Skip to Content

Advanced Treatment and Neonatal Screening Save a Newborn’s Life

Tyler

Tyler is now happy and healthy after receiving live-saving treatment for a rare enzyme deficiency.

Tyler was the 8 1/2-pound, first-born child of a Baraboo, Wisconsin couple. His mother had a normal pregnancy and routine delivery, and after a standard hospital stay, the new family returned home.

But on the third day of Tyler’s life, his mother became concerned. Tyler was not breastfeeding well and was difficult to arouse. His parents took him to a local hospital, where physicians thought he might have an infection or a metabolic problem.

Within hours, Tyler was desperately ill, and his heart function was very poor. He was transferred to American Family Children’s Hospital, where he was placed on a form of cardiac bypass called extracorporeal membrane oxygenation, or ECMO.

Newborn Bypass Keeps Tyler Alive

During ECMO, Tyler’s blood was routed through a machine, where it was oxygenated and recirculated to his brain and vital organs.

Pediatric critical care physician Tom Brazelton, MD, MPH, pediatric cardiologists Shardha Srinivasan, MD, and Kathleen Maginot, MD, plus nurses, respiratory therapists, and perfusionists comprised the sophisticated team coordinating the procedure.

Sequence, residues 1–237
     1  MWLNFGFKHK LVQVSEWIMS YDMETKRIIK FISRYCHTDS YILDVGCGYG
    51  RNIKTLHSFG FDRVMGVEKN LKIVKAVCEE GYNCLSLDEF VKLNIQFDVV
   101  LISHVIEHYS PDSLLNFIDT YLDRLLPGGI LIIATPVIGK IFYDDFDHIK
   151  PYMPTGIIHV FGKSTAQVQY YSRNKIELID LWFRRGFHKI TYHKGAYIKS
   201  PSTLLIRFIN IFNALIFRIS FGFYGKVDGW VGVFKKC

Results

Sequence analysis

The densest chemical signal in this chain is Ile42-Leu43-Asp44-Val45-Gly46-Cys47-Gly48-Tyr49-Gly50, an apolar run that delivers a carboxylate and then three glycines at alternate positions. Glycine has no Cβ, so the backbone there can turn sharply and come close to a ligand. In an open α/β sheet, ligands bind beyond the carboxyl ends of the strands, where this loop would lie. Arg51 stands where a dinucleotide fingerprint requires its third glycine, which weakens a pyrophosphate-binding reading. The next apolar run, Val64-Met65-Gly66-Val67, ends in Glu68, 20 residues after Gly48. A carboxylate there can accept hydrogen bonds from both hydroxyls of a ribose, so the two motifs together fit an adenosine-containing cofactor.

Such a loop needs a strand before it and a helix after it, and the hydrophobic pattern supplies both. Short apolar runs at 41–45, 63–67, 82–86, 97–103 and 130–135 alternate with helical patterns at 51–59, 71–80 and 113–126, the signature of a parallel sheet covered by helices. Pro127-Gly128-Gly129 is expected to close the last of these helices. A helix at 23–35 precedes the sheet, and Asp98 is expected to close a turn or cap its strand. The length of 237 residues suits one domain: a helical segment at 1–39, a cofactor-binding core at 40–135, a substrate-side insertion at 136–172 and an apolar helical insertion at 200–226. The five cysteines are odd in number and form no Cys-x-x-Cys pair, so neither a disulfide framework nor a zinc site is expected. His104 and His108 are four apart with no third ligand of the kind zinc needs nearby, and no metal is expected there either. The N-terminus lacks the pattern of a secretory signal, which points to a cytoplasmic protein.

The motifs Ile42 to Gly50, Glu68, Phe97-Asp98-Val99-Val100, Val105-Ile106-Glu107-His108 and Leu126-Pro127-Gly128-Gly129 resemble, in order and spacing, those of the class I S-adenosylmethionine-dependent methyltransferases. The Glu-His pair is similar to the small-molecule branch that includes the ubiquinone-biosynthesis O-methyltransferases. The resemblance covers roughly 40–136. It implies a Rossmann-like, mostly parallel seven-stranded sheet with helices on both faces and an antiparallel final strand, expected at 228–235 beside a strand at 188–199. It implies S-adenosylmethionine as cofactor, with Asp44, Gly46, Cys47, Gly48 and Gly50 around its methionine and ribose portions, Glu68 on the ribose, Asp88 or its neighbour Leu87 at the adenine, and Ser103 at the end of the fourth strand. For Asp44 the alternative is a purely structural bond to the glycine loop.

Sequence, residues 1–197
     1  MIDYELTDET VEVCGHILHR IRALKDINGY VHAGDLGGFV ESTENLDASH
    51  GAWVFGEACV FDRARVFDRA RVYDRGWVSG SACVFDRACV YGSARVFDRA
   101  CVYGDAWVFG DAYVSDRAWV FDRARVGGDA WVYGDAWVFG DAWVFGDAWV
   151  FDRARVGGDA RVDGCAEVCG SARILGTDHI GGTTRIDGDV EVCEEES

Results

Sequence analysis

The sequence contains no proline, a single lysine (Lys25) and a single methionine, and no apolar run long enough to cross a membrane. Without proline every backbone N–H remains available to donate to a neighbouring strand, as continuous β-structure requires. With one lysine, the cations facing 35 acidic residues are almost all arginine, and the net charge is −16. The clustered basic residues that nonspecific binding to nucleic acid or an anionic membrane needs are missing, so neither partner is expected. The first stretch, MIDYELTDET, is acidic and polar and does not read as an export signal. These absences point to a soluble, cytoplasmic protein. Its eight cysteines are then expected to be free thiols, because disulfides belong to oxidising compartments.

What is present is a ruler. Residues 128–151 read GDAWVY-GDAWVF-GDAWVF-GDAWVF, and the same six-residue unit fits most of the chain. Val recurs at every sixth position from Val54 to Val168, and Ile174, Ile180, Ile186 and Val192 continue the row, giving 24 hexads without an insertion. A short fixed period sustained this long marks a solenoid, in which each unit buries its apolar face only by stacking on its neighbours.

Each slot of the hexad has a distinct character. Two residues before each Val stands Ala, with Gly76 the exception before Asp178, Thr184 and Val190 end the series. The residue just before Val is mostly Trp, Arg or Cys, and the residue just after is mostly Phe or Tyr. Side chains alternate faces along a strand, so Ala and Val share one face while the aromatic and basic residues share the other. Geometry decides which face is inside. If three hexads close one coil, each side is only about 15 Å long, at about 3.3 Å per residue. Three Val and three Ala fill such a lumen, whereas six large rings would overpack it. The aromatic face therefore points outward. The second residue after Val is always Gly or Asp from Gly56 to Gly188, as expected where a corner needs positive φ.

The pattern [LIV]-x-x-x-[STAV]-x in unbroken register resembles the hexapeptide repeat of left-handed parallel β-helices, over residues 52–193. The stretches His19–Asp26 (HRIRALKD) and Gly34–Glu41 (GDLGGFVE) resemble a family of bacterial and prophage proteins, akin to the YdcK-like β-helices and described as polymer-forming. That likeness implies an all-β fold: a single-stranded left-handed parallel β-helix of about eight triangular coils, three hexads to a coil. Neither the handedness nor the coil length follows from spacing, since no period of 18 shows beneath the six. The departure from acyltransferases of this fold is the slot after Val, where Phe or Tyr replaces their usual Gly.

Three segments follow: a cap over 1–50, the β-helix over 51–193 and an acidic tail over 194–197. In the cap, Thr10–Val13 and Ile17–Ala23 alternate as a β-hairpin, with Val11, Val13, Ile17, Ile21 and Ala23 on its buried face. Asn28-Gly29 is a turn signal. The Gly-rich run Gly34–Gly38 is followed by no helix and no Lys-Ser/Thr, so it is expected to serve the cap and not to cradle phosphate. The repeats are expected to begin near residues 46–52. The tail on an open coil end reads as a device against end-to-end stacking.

A Rare Enzyme Deficiency Identified

While Tyler was undergoing ECMO, pediatric geneticist Gregory Rice, MD, found out that his newborn screen was consistent with a rare disorder called medium-chain acyl CoA dehydrogenase (MCAD) deficiency. Children with the disorder lack an enzyme needed to digest certain kinds of fat. If undiagnosed, MCAD deficiency can lead to coma and even death. Babies whose diagnosis is delayed run the risk of severe brain damage.

MCAD deficiency requires strict attention to what, and how often, the baby eats. It’s a lifelong disorder, but once it’s diagnosed, it can be managed easily.

The Importance of Newborn Screening

Tyler’s disorder was detected through the battery of newborn screening tests performed on every child born in Wisconsin. In most cases, babies don’t develop systems of MCAD deficiency until they are several months old. But Tyler’s case was extremely unusual.

Newborn screening has been performed for 40 years, and Wisconsin has been on the forefront of this movement. Investigators in the Department of Pediatrics have helped identify some of the 48 disorders that are currently screened for. Even today, they are looking for additional diseases that can be identified through newborn screening.

Tyler is now a healthy little boy. Our clinicians’ expertise, advanced technology, and statewide newborn screening efforts are why this miracle baby is alive today.

View All Featured Stories


Last updated: 03/12/2014
webmaster [at] pediatrics [dot] wisc [dot] edu
Copyright © 2014 The Board of Regents of the University of Wisconsin System